MCSO deputies meet with people on the Autism spectrum as part of awareness training

The Maricopa County Sheriff's Office spent the morning of Mar. 10 doing Autism awareness training.

During the training, people with MCSO met with several people on the spectrum, and the goal is for them to better understand one another, and to safely de-escalate situations.

"It's awesome, and it's nice to talk to all the officers, learn more," said a woman named Genevieve, who took part in the program.

The men and women who visited MCSO with the First Place Transition Academy all have Autism. For them, interacting with law enforcement can be nerve-wracking.

"I was feeling anxious about being around all the offices, because they're intimidating," said Genevieve.

The goal for the program, however, is to make them more at ease.

"Getting to see everybody, see the horse, the helicopter was kind of an eye-opener," said Genevieve.

"This is critically important for law enforcement, residents," said Brad Heron-Valenzuela, Director of Education and Training for First Place Transition Academy. "This is an opportunity for them to ask questions, go through these interactive scenarios, so they're more prepared when they're out in the community and have interactions with law enforcement."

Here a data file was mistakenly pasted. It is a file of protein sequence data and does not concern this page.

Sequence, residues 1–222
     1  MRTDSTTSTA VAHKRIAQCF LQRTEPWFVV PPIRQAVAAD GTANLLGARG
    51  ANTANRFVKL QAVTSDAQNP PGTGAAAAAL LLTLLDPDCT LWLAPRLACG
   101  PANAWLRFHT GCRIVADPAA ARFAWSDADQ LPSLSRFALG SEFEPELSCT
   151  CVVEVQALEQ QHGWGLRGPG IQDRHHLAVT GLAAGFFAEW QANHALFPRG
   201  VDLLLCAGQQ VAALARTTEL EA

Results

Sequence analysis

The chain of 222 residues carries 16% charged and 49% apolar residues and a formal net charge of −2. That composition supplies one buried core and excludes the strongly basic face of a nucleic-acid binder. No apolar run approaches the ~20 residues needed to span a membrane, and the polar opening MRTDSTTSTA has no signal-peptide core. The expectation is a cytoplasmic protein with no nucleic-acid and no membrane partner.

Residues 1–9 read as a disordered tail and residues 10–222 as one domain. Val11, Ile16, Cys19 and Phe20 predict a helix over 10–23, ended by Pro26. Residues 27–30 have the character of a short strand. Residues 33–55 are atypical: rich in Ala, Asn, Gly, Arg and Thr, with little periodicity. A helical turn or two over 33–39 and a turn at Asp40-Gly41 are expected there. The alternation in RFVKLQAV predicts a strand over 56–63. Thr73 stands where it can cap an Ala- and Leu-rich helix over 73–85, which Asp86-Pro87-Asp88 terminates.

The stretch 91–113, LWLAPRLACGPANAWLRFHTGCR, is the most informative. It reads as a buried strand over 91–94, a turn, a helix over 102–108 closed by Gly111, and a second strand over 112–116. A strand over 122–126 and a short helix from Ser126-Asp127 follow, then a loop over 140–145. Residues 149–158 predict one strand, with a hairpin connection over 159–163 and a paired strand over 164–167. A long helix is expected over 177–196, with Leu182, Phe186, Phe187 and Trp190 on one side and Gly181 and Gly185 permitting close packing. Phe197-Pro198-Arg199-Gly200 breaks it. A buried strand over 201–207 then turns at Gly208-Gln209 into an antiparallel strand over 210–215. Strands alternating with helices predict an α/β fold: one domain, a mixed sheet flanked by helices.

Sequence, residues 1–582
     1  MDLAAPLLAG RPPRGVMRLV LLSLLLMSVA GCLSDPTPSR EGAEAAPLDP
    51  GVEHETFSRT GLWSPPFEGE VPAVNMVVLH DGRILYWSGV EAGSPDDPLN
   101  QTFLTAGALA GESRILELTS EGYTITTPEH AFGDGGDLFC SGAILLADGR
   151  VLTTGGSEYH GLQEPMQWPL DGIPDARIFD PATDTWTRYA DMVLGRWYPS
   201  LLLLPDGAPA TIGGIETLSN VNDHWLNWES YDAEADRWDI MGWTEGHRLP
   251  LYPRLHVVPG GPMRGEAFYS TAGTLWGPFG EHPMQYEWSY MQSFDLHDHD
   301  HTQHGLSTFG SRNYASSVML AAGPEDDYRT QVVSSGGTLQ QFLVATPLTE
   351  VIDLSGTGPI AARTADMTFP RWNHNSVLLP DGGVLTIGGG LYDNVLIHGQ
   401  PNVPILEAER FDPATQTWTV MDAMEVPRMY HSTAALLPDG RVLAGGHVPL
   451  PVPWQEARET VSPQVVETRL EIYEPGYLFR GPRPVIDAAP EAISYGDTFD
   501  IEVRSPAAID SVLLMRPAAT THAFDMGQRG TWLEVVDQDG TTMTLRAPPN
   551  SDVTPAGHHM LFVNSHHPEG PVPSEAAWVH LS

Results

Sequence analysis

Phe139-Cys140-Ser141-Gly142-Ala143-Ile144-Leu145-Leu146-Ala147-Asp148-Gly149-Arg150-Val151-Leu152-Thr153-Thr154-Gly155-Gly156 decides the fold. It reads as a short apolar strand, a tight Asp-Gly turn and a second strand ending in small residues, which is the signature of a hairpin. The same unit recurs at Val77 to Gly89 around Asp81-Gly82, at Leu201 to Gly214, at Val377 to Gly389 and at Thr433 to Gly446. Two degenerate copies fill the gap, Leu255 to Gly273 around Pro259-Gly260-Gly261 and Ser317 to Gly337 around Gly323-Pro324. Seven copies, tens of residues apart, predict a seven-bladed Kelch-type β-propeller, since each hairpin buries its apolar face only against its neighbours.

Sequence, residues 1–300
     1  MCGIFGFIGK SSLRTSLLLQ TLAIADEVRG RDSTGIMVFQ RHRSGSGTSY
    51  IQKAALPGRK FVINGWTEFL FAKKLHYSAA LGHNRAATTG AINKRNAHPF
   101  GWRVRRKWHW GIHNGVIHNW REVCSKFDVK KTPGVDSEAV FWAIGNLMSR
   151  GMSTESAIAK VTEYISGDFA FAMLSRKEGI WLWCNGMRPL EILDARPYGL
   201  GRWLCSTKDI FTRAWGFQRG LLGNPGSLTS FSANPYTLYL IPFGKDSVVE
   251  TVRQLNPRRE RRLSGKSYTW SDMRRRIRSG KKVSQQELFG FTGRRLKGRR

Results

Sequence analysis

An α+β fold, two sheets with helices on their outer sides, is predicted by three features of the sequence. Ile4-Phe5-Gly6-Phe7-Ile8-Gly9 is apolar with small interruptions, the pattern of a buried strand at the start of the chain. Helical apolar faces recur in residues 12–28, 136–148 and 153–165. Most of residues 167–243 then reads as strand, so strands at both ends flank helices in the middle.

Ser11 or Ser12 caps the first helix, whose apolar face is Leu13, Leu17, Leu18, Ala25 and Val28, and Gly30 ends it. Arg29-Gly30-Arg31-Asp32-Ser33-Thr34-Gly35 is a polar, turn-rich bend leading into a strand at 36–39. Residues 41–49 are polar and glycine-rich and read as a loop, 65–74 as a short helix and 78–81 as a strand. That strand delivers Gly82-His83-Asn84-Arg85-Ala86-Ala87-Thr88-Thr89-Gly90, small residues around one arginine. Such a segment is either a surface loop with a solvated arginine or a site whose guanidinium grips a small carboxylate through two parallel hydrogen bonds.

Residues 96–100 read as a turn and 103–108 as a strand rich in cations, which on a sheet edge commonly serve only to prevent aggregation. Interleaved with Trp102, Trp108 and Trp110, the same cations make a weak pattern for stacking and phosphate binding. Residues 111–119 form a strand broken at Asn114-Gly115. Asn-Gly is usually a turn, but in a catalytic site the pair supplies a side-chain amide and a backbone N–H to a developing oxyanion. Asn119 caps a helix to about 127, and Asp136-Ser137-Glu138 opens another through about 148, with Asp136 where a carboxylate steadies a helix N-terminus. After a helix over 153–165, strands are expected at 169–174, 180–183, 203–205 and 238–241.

Those participating got some hands-on training. They met MCSO's horses, saw the helicopter and unmarked cars. They even ran through a practice traffic stop.

"So they feel engaged with us, and the other part is if they are in a situation that feels traumatic they manage their emotions, and we can manage for their needs so ee can have a successful outcome," said Maricopa County Sheriff Paul Penzone.

Through this, Sheriff Penzone said they also want to learn to better serve those on the Autism spectrum.

"We just want to be more versed [on] how to interact, serve their needs, de-escalate, and make sure those on the spectrum understand how law enforcement works," said Sheriff Penzone.